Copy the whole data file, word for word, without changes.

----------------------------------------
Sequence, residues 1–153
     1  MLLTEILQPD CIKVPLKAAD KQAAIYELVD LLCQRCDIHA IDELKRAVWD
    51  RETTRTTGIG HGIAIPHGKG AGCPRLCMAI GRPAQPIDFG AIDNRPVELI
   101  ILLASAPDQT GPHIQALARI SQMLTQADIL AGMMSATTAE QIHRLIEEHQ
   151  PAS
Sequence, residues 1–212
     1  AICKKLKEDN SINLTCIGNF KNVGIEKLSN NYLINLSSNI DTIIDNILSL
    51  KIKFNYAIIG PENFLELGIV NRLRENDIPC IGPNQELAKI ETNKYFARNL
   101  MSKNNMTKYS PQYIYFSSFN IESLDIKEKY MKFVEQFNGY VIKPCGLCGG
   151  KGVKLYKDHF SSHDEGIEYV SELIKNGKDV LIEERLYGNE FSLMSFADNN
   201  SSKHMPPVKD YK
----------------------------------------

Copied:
Sequence, residues 1–153
     1  MLLTEILQPD CIKVPLKAAD KQAAIYELVD LLCQRCDIHA IDELKRAVWD
    51  RETTRTTGIG HGIAIPHGKG AGCPRLCMAI GRPAQPIDFG AIDNRPVELI
   101  ILLASAPDQT GPHIQALARI SQMLTQADIL AGMMSATTAE QIHRLIEEHQ
   151  PAS
Sequence, residues 1–212
     1  AICKKLKEDN SINLTCIGNF KNVGIEKLSN NYLINLSSNI DTIIDNILSL
    51  KIKFNYAIIG PENFLELGIV NRLRENDIPC IGPNQELAKI ETNKYFARNL
   101  MSKNNMTKYS PQYIYFSSFN IESLDIKEKY MKFVEQFNGY VIKPCGLCGG
   151  KGVKLYKDHF SSHDEGIEYV SELIKNGKDV LIEERLYGNE FSLMSFADNN
   201  SSKHMPPVKD YK